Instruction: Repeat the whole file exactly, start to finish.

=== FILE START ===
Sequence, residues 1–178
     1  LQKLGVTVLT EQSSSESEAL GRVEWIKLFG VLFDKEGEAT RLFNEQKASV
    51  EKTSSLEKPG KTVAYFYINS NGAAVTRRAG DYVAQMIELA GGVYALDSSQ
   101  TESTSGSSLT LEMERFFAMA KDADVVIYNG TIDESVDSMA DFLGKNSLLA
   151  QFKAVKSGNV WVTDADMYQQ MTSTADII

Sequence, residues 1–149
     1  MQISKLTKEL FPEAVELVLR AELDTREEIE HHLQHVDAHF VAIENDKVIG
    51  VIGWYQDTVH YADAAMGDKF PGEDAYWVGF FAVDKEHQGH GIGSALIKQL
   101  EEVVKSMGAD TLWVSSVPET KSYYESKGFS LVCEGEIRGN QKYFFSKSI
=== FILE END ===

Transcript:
Sequence, residues 1–178
     1  LQKLGVTVLT EQSSSESEAL GRVEWIKLFG VLFDKEGEAT RLFNEQKASV
    51  EKTSSLEKPG KTVAYFYINS NGAAVTRRAG DYVAQMIELA GGVYALDSSQ
   101  TESTSGSSLT LEMERFFAMA KDADVVIYNG TIDESVDSMA DFLGKNSLLA
   151  QFKAVKSGNV WVTDADMYQQ MTSTADII

Sequence, residues 1–149
     1  MQISKLTKEL FPEAVELVLR AELDTREEIE HHLQHVDAHF VAIENDKVIG
    51  VIGWYQDTVH YADAAMGDKF PGEDAYWVGF FAVDKEHQGH GIGSALIKQL
   101  EEVVKSMGAD TLWVSSVPET KSYYESKGFS LVCEGEIRGN QKYFFSKSI